Welcome to the Sensorimotor Group
In the Sensorimotor Group we are interested in the neural processes underlying goal-directed behavior. We investigate the basis of movement planning and decision making in different areas in the cerebral cortex of primates. We have a particular focus on the interplay between frontal and parietal lobe areas in the context of rule-guided behavior. Our research in fundamental neuroscience goes hand in hand with research towards modern neuroprostheses and development of neurotechnology tools. Additionally we advance methods with the goal of improving animal welfare.
The Sensorimotor Group is part the Bernstein Center for Computational Neuroscience (BCCN) in Göttingen.
CRC 1528 Cognition of Interaction
The complexity of human behaviour and cognition has evolved from our need to interact, cooperate, and communicate in complex social groups. The evolutionary processes that drive this development affect humans as well as non-human primates.
The main scientific goal of the CRC1528 Cognition of Interaction is to understand how fundamental cognitive functions, like perception, selective attention, action planning, and decision-making, contribute to social interactions at the behavioural and neuronal level.
Neuroscience of goal-directed behavior
Movements are more than reflexive responses to environmental changes. Goal-directed behavior is the consequence of planning and deciding and is continuously shaped by adaptation and associative learning. In the Sensorimotor Group we investigate the cortical neural mechanisms underlying the planning and selection of goal-directed action. What do we encode about future movements, where in the fronto-parietal sensorimotor system, and when do movement planning and selection take place?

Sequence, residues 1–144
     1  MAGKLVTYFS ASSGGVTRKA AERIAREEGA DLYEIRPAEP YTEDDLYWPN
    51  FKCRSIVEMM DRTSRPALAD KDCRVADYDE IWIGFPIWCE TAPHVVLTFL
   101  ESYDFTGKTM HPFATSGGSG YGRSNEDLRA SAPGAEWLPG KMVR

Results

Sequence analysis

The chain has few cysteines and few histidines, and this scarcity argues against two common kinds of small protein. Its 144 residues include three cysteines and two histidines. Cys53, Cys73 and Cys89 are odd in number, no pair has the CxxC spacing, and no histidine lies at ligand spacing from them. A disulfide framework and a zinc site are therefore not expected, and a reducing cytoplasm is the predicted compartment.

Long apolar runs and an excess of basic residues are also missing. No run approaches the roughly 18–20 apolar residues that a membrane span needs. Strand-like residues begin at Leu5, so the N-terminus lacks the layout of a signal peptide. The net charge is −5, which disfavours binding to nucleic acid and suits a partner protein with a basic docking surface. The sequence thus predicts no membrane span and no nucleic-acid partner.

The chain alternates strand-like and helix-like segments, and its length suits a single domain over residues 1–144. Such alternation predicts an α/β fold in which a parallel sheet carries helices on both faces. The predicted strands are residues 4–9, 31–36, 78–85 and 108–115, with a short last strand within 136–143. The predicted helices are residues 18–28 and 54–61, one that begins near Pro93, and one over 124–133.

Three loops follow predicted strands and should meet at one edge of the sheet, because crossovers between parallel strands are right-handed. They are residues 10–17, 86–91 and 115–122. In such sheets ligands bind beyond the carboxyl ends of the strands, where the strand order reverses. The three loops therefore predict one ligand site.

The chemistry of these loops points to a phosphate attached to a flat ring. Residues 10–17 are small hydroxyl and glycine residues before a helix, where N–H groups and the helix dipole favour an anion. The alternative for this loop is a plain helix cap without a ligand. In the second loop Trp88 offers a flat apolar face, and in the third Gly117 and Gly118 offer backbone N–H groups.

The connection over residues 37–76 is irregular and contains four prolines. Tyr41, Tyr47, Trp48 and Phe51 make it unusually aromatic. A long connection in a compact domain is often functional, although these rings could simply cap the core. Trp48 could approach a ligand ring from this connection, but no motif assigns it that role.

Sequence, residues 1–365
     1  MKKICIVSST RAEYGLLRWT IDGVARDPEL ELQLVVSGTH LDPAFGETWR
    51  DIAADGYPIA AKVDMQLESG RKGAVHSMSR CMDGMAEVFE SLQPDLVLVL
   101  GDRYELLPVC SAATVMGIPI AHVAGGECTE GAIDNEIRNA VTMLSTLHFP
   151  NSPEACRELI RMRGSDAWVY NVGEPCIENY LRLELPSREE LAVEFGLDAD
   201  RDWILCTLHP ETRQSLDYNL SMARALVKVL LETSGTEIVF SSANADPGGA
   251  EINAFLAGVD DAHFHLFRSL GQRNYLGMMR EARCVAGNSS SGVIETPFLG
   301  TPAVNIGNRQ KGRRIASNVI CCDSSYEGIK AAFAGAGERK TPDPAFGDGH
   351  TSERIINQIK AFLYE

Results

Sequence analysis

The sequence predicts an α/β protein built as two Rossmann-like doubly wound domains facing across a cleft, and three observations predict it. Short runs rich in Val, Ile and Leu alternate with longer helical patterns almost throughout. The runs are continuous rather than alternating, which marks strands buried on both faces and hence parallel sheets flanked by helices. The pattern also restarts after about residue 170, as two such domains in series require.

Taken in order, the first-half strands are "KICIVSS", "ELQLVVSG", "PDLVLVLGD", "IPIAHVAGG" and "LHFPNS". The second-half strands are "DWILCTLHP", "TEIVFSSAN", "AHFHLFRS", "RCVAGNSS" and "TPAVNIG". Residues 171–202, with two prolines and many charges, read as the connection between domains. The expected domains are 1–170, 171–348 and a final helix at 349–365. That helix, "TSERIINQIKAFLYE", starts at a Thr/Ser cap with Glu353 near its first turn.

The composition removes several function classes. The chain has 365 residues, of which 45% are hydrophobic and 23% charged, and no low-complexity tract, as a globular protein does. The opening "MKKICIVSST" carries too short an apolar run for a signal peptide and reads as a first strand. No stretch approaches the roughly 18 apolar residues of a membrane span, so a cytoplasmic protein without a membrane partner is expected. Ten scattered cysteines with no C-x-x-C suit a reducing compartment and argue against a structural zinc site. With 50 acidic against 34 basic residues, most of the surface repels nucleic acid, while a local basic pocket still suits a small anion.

Neurotechnology and Neuroprosthetics
Neural signals from the central and from the peripheral nervous system can be used to control advanced motor prostheses. Based on our improved understanding of the neural basics of motor planning, we can identify suitable neuroprosthetic control signals. Additionally, we work towards improved adaptive neural recording and wireless electro- muscular recordings for prosthetic control.
Working with non-human primates, especially with awake and behaving animals, puts high demands on the care and wellbeing of the animals. More reliable evidence is needed on the determinants of the welfare of non-human primates used in research. This includes development of novel experimental approaches and comparison with existing ones, together with more systematic assessment of potential welfare-related biomarkers. Activities along those lines should not be focused on individual labs. To achieve these far-reaching goals we collaborate with multiple labs locally (DPZ-WeCo; see DPZ Aktuell 4/2014, p.9), nationally (DFG-FOR 1847, DFG-FOR 2591), and internationally (EUPRIM-Net).
Leibniz-ScienceCampus Primate Cognition
How do primates influence each other when they work together? To study how primates influence each other when they work together cooperatively or competitively, scientists at the DPZ and the ScienceCampus developed a novel experimental platform.
Leibniz-ScienceCampus Primate Cognition Films